Bluford Library Archives: 100th Anniversary of the Blue and Gold Marching Machine
The foundations for a college band at North Carolina Agricultural and Technical State University began as far back as 1910. That year it was announced in the local press that music professor Charles Edwin Stewart (1888-1976) would begin a college band and orchestra. The new “A. and M. College Band” was promoted in college bulletins between 1911 and 1916 as a fine option for students to learn the woodwind instruments. By 1913, the college band was known as “the best negro talent in the city,” and a year later postcards of the band were widely distributed to promote the college.
Stewart left A&T in 1916 and William Edward Lew (1865-1949), a graduate of the Boston Conservatory of Music, stepped in as director of music. Under Professor Lew the A&M band developed into a 50-piece ensemble in 1918 under the school’s new name to become the “A. and T. College Band.” The achievements of the band from 1918 to the early 1930s remain lost to history, but it was listed in college bulletins each year under music. Succeeding W. E. Lew as music instructor from 1918 to 1929 were R. C. Bolling, C. J. Michaels, and O. Anderson Fuller (1904-1989) who later became the first African-American to earn a Ph.D. in music. Fuller was succeeded by Raymond A. Walls from 1930-1933 and Ethyl B. Wise.
In 1934, Bernard Lee Mason, a graduate of Oberlin College, became the A&T’s next music instructor and band director. During his tenure, the band was offered as an extracurricular activity and A&T College was the only HBCU in North Carolina with a band. Its reputation continued to grow, and the band became a favorite at parades, homecomings, football games and commemorative events. When America entered World War II in 1941, nearly half of the college band volunteered as one unit, the famous “B-1 Navy Band”. One of these men, Walter F. Carlson Jr. (1922-2001) would change the band forever.
Carlson would begin to carve the distinct identity of the band beginning in 1947 and over the next 40 years. After receiving his masters from the University of Michigan, he brought many of their techniques, and those of Ohio State to A&T. The college band began dancing during the field show, in a high stepping precision military style, with blue and gold uniforms that closely resembled those of the University of Michigan. Jimmie J. Williams (1933-2004), a music major with an expertise in percussion joined Carlson in directing the band and pioneered the drumline. Originally called “Cold Steel,” the drumline and performance style earned the band a national reputation that has only continued to grow. Dancing and performance were accentuated even more with the addition of majorettes and flag girls in the mid-1960s. These performers were renamed the “Golden Delights” in 1992.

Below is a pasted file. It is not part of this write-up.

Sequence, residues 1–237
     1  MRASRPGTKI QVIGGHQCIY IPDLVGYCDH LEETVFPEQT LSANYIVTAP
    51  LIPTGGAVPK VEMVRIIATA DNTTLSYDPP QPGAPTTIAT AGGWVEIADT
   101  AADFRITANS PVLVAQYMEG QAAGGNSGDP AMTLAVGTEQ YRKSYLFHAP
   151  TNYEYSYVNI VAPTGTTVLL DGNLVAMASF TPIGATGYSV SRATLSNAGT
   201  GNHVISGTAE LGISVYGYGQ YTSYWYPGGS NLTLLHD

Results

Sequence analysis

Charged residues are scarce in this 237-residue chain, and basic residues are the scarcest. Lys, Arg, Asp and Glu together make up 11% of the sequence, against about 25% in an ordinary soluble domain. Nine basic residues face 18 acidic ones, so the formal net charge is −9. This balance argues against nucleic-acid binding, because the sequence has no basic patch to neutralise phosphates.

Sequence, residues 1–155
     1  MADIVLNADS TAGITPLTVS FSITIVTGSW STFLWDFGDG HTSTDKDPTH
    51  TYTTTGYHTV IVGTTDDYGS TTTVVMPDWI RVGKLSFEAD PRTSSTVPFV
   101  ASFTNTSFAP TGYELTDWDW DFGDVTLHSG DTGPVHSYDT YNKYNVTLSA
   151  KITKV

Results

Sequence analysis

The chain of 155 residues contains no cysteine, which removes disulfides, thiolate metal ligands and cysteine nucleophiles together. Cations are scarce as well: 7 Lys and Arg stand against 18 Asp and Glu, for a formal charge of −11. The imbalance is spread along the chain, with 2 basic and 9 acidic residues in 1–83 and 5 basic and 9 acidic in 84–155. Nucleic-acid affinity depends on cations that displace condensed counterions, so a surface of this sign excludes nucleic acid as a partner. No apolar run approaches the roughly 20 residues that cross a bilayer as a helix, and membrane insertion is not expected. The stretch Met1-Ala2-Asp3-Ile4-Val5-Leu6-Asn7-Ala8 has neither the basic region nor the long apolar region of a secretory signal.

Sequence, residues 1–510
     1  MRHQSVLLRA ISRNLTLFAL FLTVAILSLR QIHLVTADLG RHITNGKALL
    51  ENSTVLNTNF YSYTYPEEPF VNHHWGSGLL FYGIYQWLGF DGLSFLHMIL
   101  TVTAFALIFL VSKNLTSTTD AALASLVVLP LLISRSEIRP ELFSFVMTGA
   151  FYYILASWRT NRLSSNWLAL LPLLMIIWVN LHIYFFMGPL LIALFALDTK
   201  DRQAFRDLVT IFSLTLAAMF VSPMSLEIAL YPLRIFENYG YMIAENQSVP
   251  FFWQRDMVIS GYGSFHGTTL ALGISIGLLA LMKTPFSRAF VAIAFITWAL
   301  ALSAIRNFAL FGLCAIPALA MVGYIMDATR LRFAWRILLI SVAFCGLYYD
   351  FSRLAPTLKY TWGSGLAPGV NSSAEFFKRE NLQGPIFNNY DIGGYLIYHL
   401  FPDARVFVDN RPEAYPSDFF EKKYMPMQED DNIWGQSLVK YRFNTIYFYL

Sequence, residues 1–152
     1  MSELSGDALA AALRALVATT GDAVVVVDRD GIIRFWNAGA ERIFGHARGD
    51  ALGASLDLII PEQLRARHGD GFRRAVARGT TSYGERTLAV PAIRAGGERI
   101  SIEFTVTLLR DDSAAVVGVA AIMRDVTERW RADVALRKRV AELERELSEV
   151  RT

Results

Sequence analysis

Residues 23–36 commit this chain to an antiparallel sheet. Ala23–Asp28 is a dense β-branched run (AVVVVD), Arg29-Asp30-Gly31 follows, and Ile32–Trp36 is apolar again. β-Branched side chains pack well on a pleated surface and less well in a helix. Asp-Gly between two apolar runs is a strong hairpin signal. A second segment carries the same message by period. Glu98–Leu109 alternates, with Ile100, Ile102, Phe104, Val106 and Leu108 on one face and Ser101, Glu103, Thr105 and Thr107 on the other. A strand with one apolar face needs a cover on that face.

The band was renamed “The Blue and Gold Marching Machine” around 1977 under the direction of Dr. Johnny B. Hodge (1939-2013) and Jimmie J. Williams. They continued to lead ever-increasing performance band until Dr. Hodge’s retirement in 2003. Dr. Kenneth Ruff, an alumnus of the BGGM assumed leadership and the band’s fame has continued to grow into the 21st century. The BGMM has been named one of the top ten bands in the nation by Urban Sports News, and #1 by HBCUSports in 2017. The motion picture “Drumline” (2002) with a fictional HBCU band was based on North Carolina A&T, and a performance in the 2012 Macy’s Thanksgiving Day Parade are among several landmark moments of the band approaching a century of extraordinary performances and Aggie Excellence.
To support the momentum of the Blue and Gold Marching Machine, there are numerous ways to contribute to the band financially. The preferred method is a gift of support directly to the University either by check to the Office of University Advancement or by visiting our online giving site at www.ncat.edu/giving and listing the designation for University Band. When sending in checks please note University bands or Blue & Gold Marching Machine in the memo lines. One hundred percent of these funds will support the band and its members. Gifts can be made in support of students in need of tuition assistance or to help recruit talented musicians to N.C. A&T.